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15 PhD positions in physics, materials science, chemistry, computer science, mathematics, artificial intelligence and/or electrical engineering

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Apply for a position in our exciting research on "Materials for Neuromorphic Circuits" (MANIC), and become part of the next generation of neuromorphic experts! Funded by the European Commission through the Horizon 2020 Marie Sklodowska-Curie ITN Programme, the MANIC network offers 15 high level fellowships for joint research on new materials for cognitive applications. The most talented and motivated students will be selected for advanced multidisciplinary research training, preferably starting July 2020. The scientific aim of MANIC is to synthesize materials that can function as networks of neurons and synapses by integrating conductivity, plasticity and self-organization. Successes in deep learning show that the paradigm of neuromorphic computing is very attractive.


The state of digital transformation in 2020

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The past year has seen many businesses question exactly how transformational digital transformation really is. The answer, as with all IT initiatives, depends on the scope of the ambition, the skill of the leadership, and the ultimate degree of business impact. Yet we've seen a pattern emerge: Those with transformational aspirations discover that boil-the-ocean schemes seldom meet their objectives, while carefully planned and targeted initiatives often have broader benefit than even the original instigators imagined. The latter is particularly true of initiatives that reform fundamental processes. Transformation usually implies moving from one fixed state to another, yet digital transformation at its best involves a journey from inflexibility to a "permanently agile" condition.


Deep learning enables real-time imaging around corners: Detailed, fast imaging of hidden objects could help self-driving cars detect hazards

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"Compared to other approaches, our non-line-of-sight imaging system provides uniquely high resolutions and imaging speeds," said research team leader Christopher A. Metzler from Stanford University and Rice University. "These attributes enable applications that wouldn't otherwise be possible, such as reading the license plate of a hidden car as it is driving or reading a badge worn by someone walking on the other side of a corner." In Optica, The Optical Society's journal for high-impact research, Metzler and colleagues from Princeton University, Southern Methodist University, and Rice University report that the new system can distinguish submillimeter details of a hidden object from 1 meter away. The system is designed to image small objects at very high resolutions but can be combined with other imaging systems that produce low-resolution room-sized reconstructions. "Non-line-of-sight imaging has important applications in medical imaging, navigation, robotics and defense," said co-author Felix Heide from Princeton University.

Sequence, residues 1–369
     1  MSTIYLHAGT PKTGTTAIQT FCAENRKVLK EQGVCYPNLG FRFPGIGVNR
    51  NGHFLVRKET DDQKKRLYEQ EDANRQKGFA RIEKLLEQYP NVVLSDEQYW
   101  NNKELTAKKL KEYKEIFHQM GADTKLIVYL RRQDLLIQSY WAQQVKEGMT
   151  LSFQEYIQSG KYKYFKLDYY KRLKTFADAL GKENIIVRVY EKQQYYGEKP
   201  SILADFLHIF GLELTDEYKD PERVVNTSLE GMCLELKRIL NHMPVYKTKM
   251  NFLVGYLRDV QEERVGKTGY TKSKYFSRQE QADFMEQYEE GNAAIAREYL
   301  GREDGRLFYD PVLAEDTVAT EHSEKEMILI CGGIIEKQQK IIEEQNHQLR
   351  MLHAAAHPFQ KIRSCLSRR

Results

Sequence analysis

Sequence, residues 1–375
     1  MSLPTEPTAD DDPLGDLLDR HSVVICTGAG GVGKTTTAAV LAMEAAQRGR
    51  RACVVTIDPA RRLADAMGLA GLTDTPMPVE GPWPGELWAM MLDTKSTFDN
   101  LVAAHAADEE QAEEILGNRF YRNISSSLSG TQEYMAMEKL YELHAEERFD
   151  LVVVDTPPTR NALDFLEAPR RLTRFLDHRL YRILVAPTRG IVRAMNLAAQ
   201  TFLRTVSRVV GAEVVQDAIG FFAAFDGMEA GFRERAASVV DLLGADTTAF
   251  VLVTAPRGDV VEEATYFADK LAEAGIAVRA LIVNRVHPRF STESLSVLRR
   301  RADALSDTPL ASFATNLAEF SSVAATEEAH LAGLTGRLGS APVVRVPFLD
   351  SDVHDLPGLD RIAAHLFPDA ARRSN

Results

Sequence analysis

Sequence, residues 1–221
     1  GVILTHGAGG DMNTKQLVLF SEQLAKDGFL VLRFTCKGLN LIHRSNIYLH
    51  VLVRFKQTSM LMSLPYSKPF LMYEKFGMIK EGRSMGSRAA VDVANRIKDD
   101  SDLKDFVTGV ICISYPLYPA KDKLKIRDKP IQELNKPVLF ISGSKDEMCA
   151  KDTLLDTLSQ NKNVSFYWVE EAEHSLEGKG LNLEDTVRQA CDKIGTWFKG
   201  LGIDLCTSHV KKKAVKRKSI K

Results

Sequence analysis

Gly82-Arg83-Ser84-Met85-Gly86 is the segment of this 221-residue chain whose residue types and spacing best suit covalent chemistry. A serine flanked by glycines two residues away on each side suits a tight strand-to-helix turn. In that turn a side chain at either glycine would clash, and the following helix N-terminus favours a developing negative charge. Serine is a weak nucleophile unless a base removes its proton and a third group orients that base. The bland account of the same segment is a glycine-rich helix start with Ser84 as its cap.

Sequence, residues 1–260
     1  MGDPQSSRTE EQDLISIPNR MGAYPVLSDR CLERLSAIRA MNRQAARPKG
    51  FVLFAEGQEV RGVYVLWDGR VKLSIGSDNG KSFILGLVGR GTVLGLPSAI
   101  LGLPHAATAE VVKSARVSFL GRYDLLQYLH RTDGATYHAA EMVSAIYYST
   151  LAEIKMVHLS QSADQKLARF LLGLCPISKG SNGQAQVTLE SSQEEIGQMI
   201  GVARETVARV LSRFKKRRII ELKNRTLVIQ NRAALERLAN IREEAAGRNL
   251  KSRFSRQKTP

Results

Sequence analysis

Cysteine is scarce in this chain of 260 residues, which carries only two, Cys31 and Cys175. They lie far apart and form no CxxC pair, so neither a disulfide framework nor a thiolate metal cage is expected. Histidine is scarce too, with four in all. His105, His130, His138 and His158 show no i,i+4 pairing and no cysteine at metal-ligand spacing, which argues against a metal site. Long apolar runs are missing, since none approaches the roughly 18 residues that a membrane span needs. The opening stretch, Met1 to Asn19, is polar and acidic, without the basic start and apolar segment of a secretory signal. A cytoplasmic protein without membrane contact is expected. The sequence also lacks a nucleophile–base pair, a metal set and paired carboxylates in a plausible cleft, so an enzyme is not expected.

Operationalizing AI

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When AI practitioners talk about taking their machine learning models and deploying them into real-world environments, they don't call it deployment. Instead the term that's used is "operationalizing". This might be confusing for traditional IT operations managers and applications developers. Why don't we deploy or put into production AI models? What does AI operationalization mean and how is it different from the typical application development and IT systems deployment?


Operationalizing AI

#artificialintelligence

When AI practitioners talk about taking their machine learning models and deploying them into real-world environments, they don't call it deployment. Instead the term that's used is "operationalizing". This might be confusing for traditional IT operations managers and applications developers. Why don't we deploy or put into production AI models? What does AI operationalization mean and how is it different from the typical application development and IT systems deployment?


Angular Image Classification App Made Simple With Google Teachable Machine